By Daniel Naoum, co-founder, Valueshore
Traditionally, outsourcing has been seen as a luxury only accessible to large enterprises. It was a way for massive organisations to cut costs, access skilled staff and work with a range of experts that the company couldn’t afford to hire in-house. However, the reality today is that IT outsourcing — whether offshoring or nearshoring — is an accessible and beneficial solution for businesses of all different sizes.
The key to outsourcing success, no matter what size your business, is to understand how to manage the outsourcing process to ensure the best returns. For example, research conducted by Vanson Bourne recently found that the majority (78%) of organisations still select their outsourcing partner based on their day rate. Yet 94% recognised that by focusing too much on this cost they were increasing the likelihood of their IT projects failing to meet their requirements and needing more management time. The challenge for organisations, large and small, is to carefully weigh the cost versus quality of their outsourcer.
What should I outsource?
Just like any other company, small and medium-sized enterprises (SMEs) are looking for ways to improve efficiency and trim costs. The difference is that when it comes to IT, most SMEs have limited in-house skills and rarely have a dedicated IT team. Consequently, IT is a popular function to outsource as businesses look to take advantage of the cost savings and improved efficiency technology can bring. In fact, Vanson Bourne’s research found that 62% of companies already were, or were planning to, outsource custom applications following the recession. This included outsourcing the maintenance of packaged applications, with 50% of those asked saying they would outsource this function in the near future. The trick for savvy SMEs is to use outsourcing strategically to ensure that the business and its IT processes, including the staff paid to look after them, are working as efficiently as possible.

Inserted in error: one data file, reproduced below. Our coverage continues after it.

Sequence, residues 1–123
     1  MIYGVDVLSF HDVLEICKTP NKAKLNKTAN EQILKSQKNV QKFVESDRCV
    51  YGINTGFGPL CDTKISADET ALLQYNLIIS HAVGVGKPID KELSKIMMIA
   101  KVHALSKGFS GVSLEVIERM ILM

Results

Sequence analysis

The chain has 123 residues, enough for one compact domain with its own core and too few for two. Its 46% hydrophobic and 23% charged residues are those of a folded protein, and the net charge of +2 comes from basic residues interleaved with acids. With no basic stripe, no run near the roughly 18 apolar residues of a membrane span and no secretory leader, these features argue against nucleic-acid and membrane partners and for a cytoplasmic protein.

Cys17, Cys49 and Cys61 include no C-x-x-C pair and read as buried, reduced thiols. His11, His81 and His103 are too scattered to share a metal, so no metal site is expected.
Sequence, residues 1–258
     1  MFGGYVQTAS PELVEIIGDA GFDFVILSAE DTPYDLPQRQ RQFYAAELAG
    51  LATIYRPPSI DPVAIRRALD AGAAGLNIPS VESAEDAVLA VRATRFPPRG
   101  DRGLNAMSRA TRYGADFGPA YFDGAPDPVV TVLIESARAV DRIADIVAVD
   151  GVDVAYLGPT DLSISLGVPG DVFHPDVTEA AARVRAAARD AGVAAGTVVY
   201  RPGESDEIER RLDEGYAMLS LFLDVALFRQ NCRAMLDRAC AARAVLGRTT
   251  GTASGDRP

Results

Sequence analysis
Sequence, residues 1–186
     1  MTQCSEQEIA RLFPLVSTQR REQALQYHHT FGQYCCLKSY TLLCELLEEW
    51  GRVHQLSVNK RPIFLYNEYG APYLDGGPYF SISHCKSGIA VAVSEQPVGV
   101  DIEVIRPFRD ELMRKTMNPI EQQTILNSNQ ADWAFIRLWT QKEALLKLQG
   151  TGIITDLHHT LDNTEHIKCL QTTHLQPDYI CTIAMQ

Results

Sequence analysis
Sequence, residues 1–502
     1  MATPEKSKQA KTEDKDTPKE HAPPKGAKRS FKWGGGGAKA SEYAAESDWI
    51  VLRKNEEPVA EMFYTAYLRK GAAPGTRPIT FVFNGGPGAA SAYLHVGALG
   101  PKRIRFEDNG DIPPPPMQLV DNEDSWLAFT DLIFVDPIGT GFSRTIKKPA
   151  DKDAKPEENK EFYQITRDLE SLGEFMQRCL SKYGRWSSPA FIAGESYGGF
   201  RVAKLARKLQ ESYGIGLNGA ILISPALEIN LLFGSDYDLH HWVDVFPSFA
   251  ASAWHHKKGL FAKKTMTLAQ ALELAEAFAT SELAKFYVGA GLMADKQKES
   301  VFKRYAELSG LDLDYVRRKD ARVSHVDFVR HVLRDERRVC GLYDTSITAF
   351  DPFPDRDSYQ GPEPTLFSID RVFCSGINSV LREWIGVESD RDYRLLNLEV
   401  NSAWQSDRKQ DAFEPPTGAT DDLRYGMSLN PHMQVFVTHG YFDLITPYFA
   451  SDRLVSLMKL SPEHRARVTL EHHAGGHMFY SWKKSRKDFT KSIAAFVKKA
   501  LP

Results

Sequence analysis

All things considered
While it is tempting to jump straight in to try and take advantage of the cost savings outsourcing affords, SMEs must try and get away from today’s cost-focused culture. This may seem counterintuitive but the fact is, although focusing on cost can seem logical, in the long term initial savings can be hit by hidden costs. While the current economic climate makes life more challenging for all businesses it is the smaller companies, which have very little resource to fall back on should income fall, that can be hit the hardest by hidden costs. For example, traditional offshore regions are generally far away from UK business hubs and, as such, a manager visiting a site can find themselves making expensive, week-long business trips to address an issue that actually took no more than an hour to solve, alternatively other issues may have to wait until the following day to be resolved. This is impractical for an SME where and one person could be responsible for numerous functions and unable to invest days in just one area of the business and issues need to be solved in an agile manner. However, such costs can be avoided if a more strategic approach is taken when looking at where and when to outsource.
SMEs must factor in the time it will take to successfully manage the project. Someone from the business might need to periodically travel to the offshore location so this travel time must be considered. In addition, time zones are also a critical factor as the closer the outsourcer is to the SME’s time zone, the less disruptive it will be as problems and questions can be addressed much more quickly.